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Barnabas, Edward, Jack, Vincent
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Discussion Starter · #1 ·
So, about a week ago i got two new rats (Jack and Vincent), and besides them both being very underweight, Vincent is very hostile and he stands with his ears back in a corner every time i try to interact with him, hes also bitten me quite hard a few times. Of course ive been feeding them plenty of fatty foods to make them gain weight and be happier but he just wont come around to me. Ive tried to free roam him a few times and he just sits inside a cardboard box, which i let him do because i wont force him out of the place that hes most comfortable. However i really need advice on the biting issue and how to make him realise that im not going to mistreat him like his previous owner, (hes under 6 months old btw, id say around 3 and a half months). Im not sure what to do as Jack is very sociable and has never bitten, i need to do something before i introduce them both to my other two boys. Thank you, any advice is appreciated. - Arthur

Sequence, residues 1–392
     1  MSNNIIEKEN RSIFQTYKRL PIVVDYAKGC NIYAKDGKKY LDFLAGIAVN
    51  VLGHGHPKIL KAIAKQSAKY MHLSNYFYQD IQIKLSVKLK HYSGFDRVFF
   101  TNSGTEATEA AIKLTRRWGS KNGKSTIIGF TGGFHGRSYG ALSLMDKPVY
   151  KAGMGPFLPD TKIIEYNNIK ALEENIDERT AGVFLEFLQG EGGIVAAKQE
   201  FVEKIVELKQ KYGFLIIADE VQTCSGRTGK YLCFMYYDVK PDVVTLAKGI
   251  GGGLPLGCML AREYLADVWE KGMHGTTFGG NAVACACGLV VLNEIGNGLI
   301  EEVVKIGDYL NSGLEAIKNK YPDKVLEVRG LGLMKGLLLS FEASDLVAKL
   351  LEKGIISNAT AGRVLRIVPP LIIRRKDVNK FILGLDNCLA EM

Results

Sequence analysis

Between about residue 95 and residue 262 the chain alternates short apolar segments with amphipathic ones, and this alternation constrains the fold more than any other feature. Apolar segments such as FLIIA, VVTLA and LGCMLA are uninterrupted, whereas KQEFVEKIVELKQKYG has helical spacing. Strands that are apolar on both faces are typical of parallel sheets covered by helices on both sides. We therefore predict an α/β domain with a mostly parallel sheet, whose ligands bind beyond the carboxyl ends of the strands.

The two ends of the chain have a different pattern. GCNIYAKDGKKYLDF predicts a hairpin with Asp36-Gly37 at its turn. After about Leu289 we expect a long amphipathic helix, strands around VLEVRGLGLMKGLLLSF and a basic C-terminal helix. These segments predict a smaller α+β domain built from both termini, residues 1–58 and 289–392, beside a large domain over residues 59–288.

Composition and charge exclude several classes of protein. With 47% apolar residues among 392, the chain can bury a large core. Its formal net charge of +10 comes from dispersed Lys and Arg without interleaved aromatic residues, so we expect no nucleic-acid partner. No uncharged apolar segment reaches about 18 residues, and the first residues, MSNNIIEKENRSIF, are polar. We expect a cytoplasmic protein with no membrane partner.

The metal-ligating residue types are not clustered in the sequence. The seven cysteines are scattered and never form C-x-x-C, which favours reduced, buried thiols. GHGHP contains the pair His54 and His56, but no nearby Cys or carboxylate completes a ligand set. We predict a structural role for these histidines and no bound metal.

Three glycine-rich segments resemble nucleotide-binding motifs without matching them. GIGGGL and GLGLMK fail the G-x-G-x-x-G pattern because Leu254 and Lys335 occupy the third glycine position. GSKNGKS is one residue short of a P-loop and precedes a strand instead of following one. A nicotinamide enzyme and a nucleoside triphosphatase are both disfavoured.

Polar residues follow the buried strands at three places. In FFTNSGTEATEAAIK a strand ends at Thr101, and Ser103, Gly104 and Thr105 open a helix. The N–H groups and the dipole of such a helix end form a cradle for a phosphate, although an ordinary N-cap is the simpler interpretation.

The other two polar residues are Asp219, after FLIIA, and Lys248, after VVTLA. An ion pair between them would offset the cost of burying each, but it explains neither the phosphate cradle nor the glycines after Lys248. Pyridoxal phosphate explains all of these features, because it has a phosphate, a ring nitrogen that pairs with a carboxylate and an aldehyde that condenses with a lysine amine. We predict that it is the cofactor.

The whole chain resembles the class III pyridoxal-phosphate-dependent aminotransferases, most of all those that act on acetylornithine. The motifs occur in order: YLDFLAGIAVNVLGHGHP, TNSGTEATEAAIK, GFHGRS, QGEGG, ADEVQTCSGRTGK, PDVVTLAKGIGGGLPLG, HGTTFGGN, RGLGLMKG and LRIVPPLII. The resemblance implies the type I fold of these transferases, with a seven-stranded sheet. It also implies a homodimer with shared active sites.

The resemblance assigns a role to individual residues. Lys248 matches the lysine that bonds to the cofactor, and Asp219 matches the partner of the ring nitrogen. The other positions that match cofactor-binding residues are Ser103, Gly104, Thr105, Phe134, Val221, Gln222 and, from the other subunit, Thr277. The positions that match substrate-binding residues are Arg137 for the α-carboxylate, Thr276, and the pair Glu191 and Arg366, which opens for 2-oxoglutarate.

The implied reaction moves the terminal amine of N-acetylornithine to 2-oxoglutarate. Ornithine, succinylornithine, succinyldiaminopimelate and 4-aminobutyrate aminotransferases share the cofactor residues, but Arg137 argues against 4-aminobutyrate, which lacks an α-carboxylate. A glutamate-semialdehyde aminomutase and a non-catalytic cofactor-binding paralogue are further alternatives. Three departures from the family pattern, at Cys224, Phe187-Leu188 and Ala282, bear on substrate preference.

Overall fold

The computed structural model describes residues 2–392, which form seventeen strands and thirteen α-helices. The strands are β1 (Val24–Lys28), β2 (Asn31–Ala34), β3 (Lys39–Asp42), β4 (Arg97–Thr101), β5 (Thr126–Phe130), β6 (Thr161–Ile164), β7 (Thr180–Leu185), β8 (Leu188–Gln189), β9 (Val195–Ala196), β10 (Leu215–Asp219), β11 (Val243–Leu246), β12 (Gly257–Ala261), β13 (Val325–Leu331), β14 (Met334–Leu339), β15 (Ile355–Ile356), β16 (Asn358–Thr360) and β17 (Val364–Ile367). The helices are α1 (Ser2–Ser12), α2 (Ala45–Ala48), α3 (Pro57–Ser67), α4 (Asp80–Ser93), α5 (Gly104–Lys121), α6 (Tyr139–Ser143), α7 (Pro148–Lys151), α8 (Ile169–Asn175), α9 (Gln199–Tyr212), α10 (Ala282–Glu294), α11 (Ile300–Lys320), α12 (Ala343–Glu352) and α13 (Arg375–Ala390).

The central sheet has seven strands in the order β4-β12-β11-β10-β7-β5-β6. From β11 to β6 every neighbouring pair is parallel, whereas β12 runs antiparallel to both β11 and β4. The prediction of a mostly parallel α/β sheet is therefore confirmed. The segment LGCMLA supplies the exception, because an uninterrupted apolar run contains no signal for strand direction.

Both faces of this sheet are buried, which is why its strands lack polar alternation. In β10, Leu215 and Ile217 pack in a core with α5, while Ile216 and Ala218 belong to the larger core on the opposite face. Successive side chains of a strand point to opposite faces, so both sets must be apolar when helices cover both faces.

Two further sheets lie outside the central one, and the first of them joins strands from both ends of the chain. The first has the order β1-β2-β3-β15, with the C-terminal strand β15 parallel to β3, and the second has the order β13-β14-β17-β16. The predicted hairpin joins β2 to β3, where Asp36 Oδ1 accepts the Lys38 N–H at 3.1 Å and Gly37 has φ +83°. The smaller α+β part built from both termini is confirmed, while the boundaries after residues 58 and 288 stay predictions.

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Barnabas, Edward, Jack, Vincent
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Discussion Starter · #2 ·
So, about a week ago i got two new rats (Jack and Vincent), and besides them both being very underweight, Vincent is very hostile and he stands with his ears back in a corner every time i try to interact with him, hes also bitten me quite hard a few times. Of course ive been feeding them plenty of fatty foods to make them gain weight and be happier but he just wont come around to me. Ive tried to free roam him a few times and he just sits inside a cardboard box, which i let him do because i wont force him out of the place that hes most comfortable. However i really need advice on the biting issue and how to make him realise that im not going to mistreat him like his previous owner, (hes under 6 months old btw, id say around 3 and a half months). Im not sure what to do as Jack is very sociable and has never bitten, i need to do something before i introduce them both to my other two boys. Thank you, any advice is appreciated. - Arthur
also forgot to add; he’s lost his fur on the skin on his back before his tail, which is also a worry…
 

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A week is still very early on in the process.Will he take treats from you?I got a rescue once that had been badly treated,she never allowed me to handle her and never got out of the biting habit but I still managed to train her to go in and out of the cage with food rewards,and she was the sweetest,gentlest rat rowards other rats.You could try training him to get in and out of a fleece bonding bag.?also could you manage to post a pic of Jacks back?
 

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Barnabas, Edward, Jack, Vincent
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Discussion Starter · #4 ·